Fortunately for Uhtred’s domestic situation, peace, like everything else in this troubled age, is short-lived. It isn’t long before Alfred discovers that treaties are useless in a world accustomed to taking what it wants by force. As the kingdom of Wessex shatters and the Danes flood in, Alfred and his threadbare court flee to the swamps and marshes of the Somerset Levels, whose treacherous paths will keep the Danes at bay; for now. With Uhtred at his side, Alfred must try to weave together the tattered threads of his kingdom, before Guthrum and his ally Svein lead out their forces to complete the harrowing of Saxon England.
Bring every man… bring every weapon and say your prayers, for what is left of Wessex will meet at Egbert’s Stone to carry battle to the Danes.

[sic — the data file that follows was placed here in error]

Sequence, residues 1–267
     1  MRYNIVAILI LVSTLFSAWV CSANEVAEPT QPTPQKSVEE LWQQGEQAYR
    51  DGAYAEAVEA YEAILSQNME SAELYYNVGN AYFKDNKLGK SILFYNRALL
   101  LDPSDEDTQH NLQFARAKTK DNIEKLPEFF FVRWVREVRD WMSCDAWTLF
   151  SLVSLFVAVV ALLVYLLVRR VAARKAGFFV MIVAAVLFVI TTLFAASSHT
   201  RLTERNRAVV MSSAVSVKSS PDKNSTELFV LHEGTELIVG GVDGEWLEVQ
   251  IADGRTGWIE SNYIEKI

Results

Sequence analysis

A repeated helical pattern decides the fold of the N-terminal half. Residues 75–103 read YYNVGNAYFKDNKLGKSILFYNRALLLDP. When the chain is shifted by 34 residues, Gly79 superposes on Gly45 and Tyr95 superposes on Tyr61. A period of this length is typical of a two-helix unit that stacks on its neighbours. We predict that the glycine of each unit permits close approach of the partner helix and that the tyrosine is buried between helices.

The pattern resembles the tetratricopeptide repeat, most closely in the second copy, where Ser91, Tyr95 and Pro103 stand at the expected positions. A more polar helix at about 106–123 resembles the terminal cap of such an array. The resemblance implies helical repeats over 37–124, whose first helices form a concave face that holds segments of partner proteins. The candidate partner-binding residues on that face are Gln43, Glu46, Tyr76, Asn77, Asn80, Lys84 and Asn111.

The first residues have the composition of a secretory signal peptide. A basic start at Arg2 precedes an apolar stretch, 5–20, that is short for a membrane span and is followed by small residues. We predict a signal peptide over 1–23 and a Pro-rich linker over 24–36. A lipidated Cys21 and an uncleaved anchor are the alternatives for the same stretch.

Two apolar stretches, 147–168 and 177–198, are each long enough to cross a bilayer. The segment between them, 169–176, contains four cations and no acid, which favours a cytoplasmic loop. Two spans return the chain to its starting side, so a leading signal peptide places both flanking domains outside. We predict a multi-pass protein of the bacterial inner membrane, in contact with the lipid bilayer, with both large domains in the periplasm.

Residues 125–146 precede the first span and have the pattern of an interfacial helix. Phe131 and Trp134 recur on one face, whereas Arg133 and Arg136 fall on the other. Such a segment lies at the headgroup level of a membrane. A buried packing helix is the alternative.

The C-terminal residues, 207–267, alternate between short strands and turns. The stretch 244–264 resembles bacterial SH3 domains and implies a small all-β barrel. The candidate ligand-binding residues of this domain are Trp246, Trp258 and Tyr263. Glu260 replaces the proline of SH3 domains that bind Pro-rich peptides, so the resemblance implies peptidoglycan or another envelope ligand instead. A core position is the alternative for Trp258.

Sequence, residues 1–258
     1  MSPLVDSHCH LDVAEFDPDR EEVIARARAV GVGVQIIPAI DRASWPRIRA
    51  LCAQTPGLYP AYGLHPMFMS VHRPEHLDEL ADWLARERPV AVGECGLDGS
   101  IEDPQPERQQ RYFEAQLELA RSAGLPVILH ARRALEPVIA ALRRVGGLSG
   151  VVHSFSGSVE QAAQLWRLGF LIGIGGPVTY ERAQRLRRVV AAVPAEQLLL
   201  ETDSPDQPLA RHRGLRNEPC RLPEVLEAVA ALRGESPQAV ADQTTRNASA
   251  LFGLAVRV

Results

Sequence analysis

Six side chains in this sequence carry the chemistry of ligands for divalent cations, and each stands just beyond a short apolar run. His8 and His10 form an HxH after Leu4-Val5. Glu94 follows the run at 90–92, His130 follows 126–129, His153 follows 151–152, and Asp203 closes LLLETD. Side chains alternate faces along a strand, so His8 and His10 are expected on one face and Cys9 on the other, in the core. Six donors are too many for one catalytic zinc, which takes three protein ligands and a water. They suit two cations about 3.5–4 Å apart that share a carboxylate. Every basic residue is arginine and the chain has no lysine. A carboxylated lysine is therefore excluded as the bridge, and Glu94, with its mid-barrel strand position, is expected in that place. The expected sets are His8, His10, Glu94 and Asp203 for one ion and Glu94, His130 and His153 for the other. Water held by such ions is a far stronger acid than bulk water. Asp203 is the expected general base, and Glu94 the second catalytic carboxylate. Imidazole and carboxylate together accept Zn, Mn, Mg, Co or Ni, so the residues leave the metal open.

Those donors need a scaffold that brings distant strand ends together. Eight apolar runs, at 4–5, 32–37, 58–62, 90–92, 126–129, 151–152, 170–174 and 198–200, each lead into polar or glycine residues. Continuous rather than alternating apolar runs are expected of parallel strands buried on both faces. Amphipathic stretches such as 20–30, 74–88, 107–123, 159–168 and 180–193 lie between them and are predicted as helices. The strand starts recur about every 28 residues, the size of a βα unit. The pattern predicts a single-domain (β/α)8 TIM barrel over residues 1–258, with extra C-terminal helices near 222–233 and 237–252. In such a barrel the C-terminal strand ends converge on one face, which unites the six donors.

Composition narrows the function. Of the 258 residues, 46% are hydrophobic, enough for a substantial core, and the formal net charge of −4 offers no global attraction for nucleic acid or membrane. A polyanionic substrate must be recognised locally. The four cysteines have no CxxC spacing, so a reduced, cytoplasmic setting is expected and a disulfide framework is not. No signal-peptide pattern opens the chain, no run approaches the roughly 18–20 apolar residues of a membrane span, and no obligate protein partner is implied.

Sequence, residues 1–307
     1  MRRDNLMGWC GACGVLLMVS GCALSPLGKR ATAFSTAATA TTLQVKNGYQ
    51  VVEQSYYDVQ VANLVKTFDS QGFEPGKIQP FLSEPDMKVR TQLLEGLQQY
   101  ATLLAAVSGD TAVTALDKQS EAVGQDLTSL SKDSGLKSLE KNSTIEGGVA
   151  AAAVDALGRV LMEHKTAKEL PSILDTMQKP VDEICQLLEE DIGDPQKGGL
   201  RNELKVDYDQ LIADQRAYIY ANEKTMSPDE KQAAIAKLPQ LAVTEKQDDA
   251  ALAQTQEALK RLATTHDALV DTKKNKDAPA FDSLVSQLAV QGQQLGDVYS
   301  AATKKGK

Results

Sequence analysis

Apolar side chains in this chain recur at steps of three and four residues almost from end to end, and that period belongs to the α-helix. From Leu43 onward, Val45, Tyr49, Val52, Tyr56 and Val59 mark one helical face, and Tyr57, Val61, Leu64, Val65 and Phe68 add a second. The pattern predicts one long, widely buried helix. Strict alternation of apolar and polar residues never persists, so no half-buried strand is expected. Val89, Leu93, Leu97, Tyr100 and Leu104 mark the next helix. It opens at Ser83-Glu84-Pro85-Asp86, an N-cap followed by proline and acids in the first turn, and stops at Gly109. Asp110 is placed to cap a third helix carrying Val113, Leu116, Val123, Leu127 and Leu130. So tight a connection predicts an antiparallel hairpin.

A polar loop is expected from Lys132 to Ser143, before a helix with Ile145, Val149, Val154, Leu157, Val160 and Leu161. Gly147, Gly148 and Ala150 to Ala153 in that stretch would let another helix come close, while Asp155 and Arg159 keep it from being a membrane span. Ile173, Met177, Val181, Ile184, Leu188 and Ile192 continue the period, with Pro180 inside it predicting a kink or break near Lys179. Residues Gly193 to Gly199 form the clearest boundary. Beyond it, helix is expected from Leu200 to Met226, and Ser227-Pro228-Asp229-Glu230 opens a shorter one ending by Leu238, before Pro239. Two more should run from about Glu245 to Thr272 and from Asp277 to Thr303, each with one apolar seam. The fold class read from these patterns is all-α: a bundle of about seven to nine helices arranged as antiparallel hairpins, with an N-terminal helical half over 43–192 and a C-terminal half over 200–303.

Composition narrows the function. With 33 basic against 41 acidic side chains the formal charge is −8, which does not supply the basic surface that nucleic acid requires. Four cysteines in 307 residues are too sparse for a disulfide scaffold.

Comparing this second book to The Last Kingdom, this is very much more of the same. Once again it’s light, engaging and full of action and it doesn’t require you to think too much, which is exactly what I need just at the moment. Having said that, I am under no illusions that this is anything other than a light diversion. Uhtred continues to be a rather ambivalent hero, full of arrogance and bloodlust, and probably not all that bright when taken out of a strategic situation. He seems to have finally staked his colours with Alfred, on the basis that if he triumphs among other Saxons, he can recover his longed-for Bebbanburg in his own right, rather than having to take it as a gift from Danish conquerors like any other puppet Saxon ruler.